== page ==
A couple of tips came in on Wednesday morning from a few surprised guys pointing to the Jos. A. Bank website.
The Allen Edmonds “Nathan” Shoe, basically the 5th Ave, was on sale for $39.98.
Put an order in? Sure… why not? But something wasn’t right. That deal was just way too good to be true. When Jos. A. Bank realized that something was amiss (it was a “glitch”), they started to cancel some orders. Yet some people heard from customer service that some orders might end up getting fulfilled (See Joe C. and Sweyn V. over here).
But should they really have had to fulfill any of those orders?
Haven’t we all made a simple mistake, a typo, or crossed a wire a few times in our lives that led to a serious misunderstanding?
And was this really a misunderstanding at all? $40 for a pair of Allen Edmonds, all sizes available, in three shades?
Forget the goody-two-shoes/do unto others side of this debate. What about not killing the goose laying them golden eggs? (And no, Jos. A. Bank isn’t a goose many of us take a gander at all that often, but stay with me here…)
Take the practice of adjusting, or hacking cookies in order to get a higher % off code. This can happen during “mystery deal” or select-customer sales. A retailer sends out an email blast, you click through to their site, and you get a pop up notification of either 30% off, 40% off, or if you’re lucky, 50% off your order. Someone pretty damn clever figured out that the level of discount was triggered by a signal within the guts of your web browser. And to get that greater discount, you could adjust the “cookie” responsible for that signal, and get the 50%.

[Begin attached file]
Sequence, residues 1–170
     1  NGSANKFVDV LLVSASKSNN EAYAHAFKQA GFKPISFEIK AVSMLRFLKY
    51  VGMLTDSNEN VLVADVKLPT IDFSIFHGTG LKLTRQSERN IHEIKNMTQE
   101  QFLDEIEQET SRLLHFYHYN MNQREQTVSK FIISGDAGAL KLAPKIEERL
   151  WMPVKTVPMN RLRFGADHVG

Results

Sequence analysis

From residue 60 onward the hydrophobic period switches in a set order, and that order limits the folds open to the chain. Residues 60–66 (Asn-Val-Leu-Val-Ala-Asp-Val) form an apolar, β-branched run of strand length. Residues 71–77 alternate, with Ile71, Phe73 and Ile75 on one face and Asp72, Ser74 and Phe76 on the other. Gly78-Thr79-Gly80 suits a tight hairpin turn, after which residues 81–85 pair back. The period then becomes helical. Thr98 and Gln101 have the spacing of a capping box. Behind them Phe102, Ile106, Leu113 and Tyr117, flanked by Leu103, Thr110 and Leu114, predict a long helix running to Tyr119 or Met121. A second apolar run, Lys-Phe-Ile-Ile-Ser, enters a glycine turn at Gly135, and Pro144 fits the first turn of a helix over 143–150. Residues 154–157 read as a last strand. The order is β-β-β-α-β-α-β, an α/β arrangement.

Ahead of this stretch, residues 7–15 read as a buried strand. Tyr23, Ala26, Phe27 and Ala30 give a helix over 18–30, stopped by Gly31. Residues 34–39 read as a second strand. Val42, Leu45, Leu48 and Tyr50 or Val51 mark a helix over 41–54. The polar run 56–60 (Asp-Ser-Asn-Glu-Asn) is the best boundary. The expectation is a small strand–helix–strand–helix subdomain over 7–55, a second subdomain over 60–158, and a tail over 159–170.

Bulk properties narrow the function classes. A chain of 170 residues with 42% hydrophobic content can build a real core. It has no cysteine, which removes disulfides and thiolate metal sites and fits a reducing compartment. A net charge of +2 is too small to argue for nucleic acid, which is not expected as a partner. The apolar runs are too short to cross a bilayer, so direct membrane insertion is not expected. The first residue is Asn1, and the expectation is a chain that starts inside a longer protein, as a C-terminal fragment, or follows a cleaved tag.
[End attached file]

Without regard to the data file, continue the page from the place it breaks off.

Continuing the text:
That fair game?
And if it is, if you were a retailer… would you keep running those sales?
In a way, expecting the fulfillment of a deal that’s too good to be true is a little like always using your DVR to watch TV. If you have a favorite, can’t-miss show, yet you always set your DVR and wait 20 minutes until after it’s started so you can skip the commercials… aren’t you killing what you love?
Hunting for a good deal is great. Being a smart consumer is… smart. But game the system, and a chilling effect might cause the attrition of otherwise decent, plentiful promotions, since retailers now have to make up the financial ground they’ve lost to the every-so-often “glitch”.
The problem is, where do you draw the line?
Top Photo Credit.